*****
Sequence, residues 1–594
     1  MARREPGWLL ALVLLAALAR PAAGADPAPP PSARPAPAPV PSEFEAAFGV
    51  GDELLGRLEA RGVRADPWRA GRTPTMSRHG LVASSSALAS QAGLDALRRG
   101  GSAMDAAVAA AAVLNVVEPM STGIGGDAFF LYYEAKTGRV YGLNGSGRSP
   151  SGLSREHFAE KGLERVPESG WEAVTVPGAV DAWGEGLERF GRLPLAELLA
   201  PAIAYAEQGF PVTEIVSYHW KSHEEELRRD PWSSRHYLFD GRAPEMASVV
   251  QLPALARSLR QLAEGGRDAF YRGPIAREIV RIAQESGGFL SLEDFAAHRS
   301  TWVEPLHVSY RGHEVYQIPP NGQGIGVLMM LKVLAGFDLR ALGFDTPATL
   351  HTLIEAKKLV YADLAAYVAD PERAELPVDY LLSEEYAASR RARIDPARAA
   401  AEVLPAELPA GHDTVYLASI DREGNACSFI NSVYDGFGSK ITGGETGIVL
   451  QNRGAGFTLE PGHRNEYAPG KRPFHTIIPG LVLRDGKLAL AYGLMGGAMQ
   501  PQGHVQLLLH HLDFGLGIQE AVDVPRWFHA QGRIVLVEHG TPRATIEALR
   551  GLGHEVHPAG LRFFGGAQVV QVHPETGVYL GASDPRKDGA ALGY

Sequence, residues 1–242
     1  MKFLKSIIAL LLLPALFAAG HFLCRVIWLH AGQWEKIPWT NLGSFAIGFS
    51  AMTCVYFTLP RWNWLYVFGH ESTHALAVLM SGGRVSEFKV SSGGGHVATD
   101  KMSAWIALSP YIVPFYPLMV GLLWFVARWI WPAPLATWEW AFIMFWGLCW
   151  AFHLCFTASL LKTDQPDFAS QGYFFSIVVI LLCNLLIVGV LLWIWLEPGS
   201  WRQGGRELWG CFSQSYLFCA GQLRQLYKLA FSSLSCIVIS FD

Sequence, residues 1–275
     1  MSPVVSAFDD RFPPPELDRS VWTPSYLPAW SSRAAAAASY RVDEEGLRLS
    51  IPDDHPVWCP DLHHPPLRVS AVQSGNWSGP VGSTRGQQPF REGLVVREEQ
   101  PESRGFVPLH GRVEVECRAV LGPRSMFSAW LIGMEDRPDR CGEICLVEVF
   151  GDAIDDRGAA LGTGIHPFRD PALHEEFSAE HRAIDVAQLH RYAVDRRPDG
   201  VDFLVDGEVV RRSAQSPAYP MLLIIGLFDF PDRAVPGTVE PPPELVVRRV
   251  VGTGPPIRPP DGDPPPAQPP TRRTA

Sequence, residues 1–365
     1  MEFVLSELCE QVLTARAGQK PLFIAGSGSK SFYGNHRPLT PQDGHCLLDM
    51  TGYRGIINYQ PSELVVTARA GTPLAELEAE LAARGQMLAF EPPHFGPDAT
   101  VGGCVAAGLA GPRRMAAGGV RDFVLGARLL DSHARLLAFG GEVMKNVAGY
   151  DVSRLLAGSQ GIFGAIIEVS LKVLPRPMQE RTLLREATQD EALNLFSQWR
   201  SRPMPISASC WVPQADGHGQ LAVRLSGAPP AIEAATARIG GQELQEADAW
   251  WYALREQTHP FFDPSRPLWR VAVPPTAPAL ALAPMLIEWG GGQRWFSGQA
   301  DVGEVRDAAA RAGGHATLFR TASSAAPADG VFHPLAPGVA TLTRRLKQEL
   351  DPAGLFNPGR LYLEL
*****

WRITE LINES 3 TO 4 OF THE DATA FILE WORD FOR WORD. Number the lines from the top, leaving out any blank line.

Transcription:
    51  GDELLGRLEA RGVRADPWRA GRTPTMSRHG LVASSSALAS QAGLDALRRG
   101  GSAMDAAVAA AAVLNVVEPM STGIGGDAFF LYYEAKTGRV YGLNGSGRSP